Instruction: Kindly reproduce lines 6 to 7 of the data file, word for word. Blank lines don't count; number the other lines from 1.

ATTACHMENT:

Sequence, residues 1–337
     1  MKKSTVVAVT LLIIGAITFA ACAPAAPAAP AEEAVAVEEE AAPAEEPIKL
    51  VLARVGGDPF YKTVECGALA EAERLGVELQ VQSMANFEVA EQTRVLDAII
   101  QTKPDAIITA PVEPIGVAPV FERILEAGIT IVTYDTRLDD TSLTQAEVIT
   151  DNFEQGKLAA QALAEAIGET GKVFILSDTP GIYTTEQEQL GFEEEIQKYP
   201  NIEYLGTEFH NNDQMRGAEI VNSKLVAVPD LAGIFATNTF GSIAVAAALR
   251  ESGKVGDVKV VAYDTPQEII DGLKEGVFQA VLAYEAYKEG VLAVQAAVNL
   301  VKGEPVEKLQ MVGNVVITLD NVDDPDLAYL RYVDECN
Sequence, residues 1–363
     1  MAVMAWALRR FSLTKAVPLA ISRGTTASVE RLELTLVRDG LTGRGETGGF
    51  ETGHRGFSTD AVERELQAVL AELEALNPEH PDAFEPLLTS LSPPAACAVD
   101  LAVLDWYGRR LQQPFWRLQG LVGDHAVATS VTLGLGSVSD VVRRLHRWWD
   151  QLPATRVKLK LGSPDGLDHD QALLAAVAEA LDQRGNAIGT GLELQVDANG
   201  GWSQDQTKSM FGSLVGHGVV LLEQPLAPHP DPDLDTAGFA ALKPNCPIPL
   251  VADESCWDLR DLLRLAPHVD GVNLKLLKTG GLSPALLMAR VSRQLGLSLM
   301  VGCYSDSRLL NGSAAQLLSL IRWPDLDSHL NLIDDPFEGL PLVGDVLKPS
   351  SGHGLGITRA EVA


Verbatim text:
   201  NIEYLGTEFH NNDQMRGAEI VNSKLVAVPD LAGIFATNTF GSIAVAAALR
   251  ESGKVGDVKV VAYDTPQEII DGLKEGVFQA VLAYEAYKEG VLAVQAAVNL